By Richard Hubbard
After seven fights that he concedes haven’t done much to stir his own juices, Jez Smith insists he is more than happy to cast aside the water wings and take the plunge into the sport’s deep end.
After turning pro at the beginning of 2015, Smith – younger brother of former WBO European champion Mitchell – has been learning the ropes against standard novice fodder. Four-rounders against seven opponents with 28 wins between them.
It is pretty much a compulsory route that nigh on all bar the most elite amateur champions travel, but it is rarely a journey of thrills and spills along what is generally predictable terrain. Smith wants his satnav to steer him off course and onto a more hazardous pathway.
If he does come a cropper, then it goes with the territory. That’s showbusiness and Smith wants his career coupled with entertainment value. He also wants to know himself where he is at and how good he actually is.
It is a refreshing outlook from one in a sport packed with young thrusters who have a strange reluctance to fight each other. To pick on someone their own age.
The 22-year-old Harrow boy holds no such reservations and, ahead of his return to the ring in his home town on October 8 at the Harrow Leisure Centre, the prospect of fighting unbeaten Wythenshawe tyro Macaulay McGowan was waved under his nose.
McGowan, 10-0, has been earning rave reviews in the north west and is ahead of Smith in terms of rounds and victories, already having gone down the stretch in an eight-round examination.
The welterweight’s acceptance speech took as long as it takes to instantly utter the word ‘yes’ and now just awaits confirmation of his agreement being reciprocated.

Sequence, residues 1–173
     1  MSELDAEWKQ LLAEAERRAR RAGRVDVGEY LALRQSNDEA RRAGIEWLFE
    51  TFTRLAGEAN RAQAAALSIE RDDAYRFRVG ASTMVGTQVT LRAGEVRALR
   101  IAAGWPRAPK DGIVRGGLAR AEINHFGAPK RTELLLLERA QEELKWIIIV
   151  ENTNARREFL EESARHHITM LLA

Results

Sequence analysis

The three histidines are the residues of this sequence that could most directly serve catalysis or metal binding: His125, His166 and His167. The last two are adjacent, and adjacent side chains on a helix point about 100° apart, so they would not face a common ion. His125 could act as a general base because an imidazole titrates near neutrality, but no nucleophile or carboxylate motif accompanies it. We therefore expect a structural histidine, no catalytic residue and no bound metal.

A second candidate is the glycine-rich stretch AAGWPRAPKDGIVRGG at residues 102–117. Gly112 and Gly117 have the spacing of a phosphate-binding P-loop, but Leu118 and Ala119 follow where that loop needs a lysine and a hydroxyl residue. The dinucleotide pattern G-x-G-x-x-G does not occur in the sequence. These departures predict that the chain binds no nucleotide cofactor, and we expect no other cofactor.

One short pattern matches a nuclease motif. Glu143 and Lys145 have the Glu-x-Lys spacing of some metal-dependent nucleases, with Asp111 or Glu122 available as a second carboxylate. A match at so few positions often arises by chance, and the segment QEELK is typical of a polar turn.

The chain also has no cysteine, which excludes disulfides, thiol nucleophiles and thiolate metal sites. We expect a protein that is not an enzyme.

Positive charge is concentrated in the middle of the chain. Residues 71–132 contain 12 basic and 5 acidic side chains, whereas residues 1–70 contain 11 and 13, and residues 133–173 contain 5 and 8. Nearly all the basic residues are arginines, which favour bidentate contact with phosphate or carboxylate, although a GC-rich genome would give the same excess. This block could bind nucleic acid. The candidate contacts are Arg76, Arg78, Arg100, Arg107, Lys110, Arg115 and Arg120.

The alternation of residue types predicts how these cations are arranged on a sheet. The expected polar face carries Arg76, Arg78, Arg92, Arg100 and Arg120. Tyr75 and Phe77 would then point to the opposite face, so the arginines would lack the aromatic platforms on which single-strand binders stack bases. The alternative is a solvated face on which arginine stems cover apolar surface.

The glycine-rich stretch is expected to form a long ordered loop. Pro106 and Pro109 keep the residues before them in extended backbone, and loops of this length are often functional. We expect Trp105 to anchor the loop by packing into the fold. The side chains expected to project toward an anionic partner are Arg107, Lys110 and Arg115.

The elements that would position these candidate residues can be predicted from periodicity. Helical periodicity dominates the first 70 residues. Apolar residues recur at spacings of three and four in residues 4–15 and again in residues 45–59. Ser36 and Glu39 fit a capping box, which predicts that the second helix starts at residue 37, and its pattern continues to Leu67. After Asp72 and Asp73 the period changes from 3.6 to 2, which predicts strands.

Smith would love it if this particular plan comes together. Especially in his Harrow homeland where he and Mitchell have no problem planting bums on seats.
“They’ve chucked an opponent at me in Macaulay McGowan, who is also with Frank Warren and is 10-0 over eight rounds,” he confirmed. “It is a step up for me because obviously I have only been doing four-rounders so far.
“As soon as they said the name I snatched at it. It is a fight I will definitely take and I know 100 per cent I can beat him and have the tools to do it. I have had a little look at him and it is a fight I have accepted from my side. I’m just waiting for confirmation and I will crack on and get to work.”
While he is clearly not contemplating the idea of defeat, Smith is not in the business of just jealously preserving an unblotted copybook. He wants to take purposeful strides in his career rather than continually take baby steps and doesn’t view defeat as irreversibly damaging, as long as it is in fights where the odds are not unreasonably loaded in his favour.